With different learning practices, taking me out of my comfort zone. 

We get into pairs to create; I embrace a new way. 

Planning a workshop from scratch, changing my tone.

I have enjoyed the process and we learnt from each other. 

A new way, a step and leap of faith, the future is Zoom. 

With more confidence and practice, I am sure there is more I can offer.  

Adieu for now.. In person I hope we see you all soon 

New goals reached and meeting communities. 

Thank you to all at Spare Tyre, your patience was more than sublime. 

Challenges, learning, unlearning, and creating opportunities. 

Together we will serve our communities and create inclusion overtime. 

Image of Harshita 

It gave me a strong foundation in sensory workshop facilitation skills that I will incorporate in my practice.

Jasmine

Jasmine:  

What did this process mean for you in terms of your future practice?   

The process gave me the opportunity to meet a supportive, friendly and creative group that I hope to stay in touch and work with in the future. It also gave me a strong foundation in sensory workshop facilitation skills that I will incorporate in my practice. 

Below is a picture of the sensory pack created to send to workshop participants at Jackson's Lane for a workshop led by Jasmine and Eugénie.     

Inclusive, stimulating, caring, quietly transformative. An experience where I have been able to be myself.

Eugénie

Eugénie:

The idea of risk is something we explored during this programme, has your view/attitude towards risk changed during this 4 week process?  

Yes and no. I am used to taking risks in terms of how to push boundaries of what I know how to do, and I am also used to taking participants with me and asking them to challenge themselves in positive and exciting ways. However, what was new for me in this context was allowing myself to take 'small' but meaningful risks, in letting go of my desire to be in control or knowing. In this way, I have been thinking about risk in a different way, as something that doesn't have to be big or very visible, but can instead happen in the background, as a quietly transformative decision of letting myself be out of my depth–and thinking about how this can then led on to inviting participants to do the same.  

Did you find zoom limiting/more open than you expected?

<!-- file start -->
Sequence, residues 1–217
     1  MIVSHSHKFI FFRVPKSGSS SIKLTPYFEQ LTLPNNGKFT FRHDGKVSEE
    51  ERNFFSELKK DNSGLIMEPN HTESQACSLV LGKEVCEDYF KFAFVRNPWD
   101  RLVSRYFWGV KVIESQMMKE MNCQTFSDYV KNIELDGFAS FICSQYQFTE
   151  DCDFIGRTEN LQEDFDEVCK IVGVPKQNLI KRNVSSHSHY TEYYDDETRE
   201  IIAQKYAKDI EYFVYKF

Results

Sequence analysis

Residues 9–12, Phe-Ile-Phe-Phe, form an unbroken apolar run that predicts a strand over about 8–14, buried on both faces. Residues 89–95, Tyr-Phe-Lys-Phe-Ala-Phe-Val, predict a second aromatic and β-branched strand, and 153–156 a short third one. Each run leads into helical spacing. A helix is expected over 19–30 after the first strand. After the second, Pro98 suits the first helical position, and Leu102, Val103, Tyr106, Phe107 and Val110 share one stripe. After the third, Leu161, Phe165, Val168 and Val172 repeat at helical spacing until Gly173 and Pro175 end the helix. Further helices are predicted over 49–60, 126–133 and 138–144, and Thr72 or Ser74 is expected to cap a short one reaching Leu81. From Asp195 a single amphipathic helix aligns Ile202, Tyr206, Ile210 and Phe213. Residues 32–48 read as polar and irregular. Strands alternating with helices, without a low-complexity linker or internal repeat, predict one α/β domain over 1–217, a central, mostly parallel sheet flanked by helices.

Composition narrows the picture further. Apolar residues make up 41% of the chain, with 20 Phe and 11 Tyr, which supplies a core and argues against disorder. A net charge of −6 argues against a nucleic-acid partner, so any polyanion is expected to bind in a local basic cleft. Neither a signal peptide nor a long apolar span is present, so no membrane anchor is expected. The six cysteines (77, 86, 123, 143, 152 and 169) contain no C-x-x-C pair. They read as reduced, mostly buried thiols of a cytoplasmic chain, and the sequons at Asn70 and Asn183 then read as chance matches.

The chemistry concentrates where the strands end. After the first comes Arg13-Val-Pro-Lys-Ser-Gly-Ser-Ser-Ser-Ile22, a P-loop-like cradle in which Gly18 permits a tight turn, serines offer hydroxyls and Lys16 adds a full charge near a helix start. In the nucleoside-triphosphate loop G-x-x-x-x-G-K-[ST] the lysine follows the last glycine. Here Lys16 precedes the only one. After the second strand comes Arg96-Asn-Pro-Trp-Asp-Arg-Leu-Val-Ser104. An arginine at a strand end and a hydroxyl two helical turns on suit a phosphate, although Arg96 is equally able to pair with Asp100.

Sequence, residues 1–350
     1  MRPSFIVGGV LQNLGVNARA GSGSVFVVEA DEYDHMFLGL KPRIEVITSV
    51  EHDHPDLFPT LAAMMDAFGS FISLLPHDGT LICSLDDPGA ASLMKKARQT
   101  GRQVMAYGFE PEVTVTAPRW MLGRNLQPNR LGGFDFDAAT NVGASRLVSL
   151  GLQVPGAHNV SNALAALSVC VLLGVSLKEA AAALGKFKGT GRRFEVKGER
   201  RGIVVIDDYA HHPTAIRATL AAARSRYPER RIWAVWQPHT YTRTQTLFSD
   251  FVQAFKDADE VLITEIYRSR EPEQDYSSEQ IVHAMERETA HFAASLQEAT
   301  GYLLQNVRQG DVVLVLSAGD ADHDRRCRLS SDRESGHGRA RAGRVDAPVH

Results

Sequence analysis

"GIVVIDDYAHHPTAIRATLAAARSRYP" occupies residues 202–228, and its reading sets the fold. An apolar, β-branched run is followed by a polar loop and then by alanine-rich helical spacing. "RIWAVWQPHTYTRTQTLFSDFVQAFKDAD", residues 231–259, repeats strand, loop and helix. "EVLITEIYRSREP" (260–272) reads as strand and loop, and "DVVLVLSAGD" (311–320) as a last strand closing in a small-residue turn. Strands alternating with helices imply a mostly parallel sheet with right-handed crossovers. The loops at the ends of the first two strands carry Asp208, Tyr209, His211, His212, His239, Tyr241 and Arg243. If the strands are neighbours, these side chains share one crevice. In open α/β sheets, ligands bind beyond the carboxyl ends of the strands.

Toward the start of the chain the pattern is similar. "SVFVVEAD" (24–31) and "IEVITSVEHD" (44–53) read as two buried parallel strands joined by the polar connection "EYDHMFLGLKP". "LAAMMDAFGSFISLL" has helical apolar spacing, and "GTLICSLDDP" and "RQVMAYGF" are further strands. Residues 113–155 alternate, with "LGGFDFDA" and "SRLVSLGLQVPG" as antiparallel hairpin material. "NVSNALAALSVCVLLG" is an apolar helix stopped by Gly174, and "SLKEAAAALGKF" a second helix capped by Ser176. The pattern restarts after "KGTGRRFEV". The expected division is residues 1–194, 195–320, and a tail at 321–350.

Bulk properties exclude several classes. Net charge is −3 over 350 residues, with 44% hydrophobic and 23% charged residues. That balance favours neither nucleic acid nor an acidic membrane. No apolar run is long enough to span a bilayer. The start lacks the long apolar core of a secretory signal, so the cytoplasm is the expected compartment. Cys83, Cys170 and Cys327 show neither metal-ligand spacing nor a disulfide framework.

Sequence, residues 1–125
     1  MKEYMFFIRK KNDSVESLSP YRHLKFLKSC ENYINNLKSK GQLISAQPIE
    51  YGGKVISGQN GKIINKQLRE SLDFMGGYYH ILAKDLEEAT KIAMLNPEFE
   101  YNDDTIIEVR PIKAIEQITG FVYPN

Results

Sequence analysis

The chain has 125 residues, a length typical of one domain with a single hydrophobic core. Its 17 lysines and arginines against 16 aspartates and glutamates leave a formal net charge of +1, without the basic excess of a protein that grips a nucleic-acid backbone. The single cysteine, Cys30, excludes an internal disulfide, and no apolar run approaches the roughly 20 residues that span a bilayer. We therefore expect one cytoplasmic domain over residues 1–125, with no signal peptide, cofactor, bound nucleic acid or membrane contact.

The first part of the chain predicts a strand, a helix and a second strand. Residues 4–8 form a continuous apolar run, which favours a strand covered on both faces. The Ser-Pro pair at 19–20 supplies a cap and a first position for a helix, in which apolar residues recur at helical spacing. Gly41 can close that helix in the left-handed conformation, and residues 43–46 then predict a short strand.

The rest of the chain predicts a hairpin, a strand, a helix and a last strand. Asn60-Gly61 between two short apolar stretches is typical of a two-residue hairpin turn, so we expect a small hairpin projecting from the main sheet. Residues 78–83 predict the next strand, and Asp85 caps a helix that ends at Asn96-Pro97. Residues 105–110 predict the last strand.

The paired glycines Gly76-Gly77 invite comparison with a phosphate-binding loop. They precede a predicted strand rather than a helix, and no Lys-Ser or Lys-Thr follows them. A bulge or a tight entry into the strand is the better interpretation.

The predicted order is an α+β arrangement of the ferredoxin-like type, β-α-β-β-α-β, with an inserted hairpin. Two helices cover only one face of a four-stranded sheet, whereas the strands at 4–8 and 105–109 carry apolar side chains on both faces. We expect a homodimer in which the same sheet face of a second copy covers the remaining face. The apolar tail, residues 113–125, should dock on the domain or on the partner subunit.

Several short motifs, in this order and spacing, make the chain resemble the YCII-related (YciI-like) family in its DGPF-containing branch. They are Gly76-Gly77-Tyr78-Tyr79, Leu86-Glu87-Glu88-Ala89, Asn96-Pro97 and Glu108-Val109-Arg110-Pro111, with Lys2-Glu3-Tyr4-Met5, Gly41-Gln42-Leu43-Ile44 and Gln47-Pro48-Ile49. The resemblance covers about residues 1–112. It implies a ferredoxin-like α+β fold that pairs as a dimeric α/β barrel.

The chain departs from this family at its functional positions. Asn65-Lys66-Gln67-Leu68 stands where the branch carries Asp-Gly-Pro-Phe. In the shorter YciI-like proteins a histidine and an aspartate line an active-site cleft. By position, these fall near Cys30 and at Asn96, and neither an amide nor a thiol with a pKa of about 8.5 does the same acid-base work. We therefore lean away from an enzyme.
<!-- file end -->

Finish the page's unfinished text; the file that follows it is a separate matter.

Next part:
I found Zoom more open than expected, both in the group sessions and in the workshop I co-led. I think part of the reason for this was the fact that Zoom was never talked about as a 'lesser than' medium, and so it didn't ever feel like we were using it as a way of compensating for 'real life'. Instead, it felt like it was allowed to be its own medium, and its own room. I was surprised and excited to see how much sharing could be done on Zoom, and experimenting with exercises all together. I think engaging with the senses, especially movement and touch, while on Zoom, made me feel like the distance was bridged more than if we had only relied on the visual/aural. Zoom also allows for complete breaks if needed. I learned a lot from being in these specific Zoom rooms, and how inclusive they felt, and this will definitely carry further in my practice and my teaching.  

What did this process mean for you in terms of your future practice?   

It has invited me to think about what an artistic experience can be, in the context of participation, and that a focus on a sensory experience doesn't need to have an outcome other than itself. The artwork, or event, is the experience itself, the moment we spend together exploring and playing. This will be something I'll carry further. 

The inclusivity of the process, from an access perspective as well as the flexibility with which we were treated will also influence my practice as an example of a caring and ethical process. The community we created in the Zoom rooms of weeks 1 and 4 will also stay with me as an inspiration of what caring and inclusive collaboration can be.  

How would you describe this programme to someone else?  

Inclusive, stimulating, caring, quietly transformative, somewhere where I have met amazing artists and individuals and I have felt part of a supportive and exciting group, an experience where I have been able to be myself.  


We'll be sharing reflections from the other participants in a Part 2 on our blog and a bit about some of the Spare Tyre projects that our Tyre Change participants are now involved in.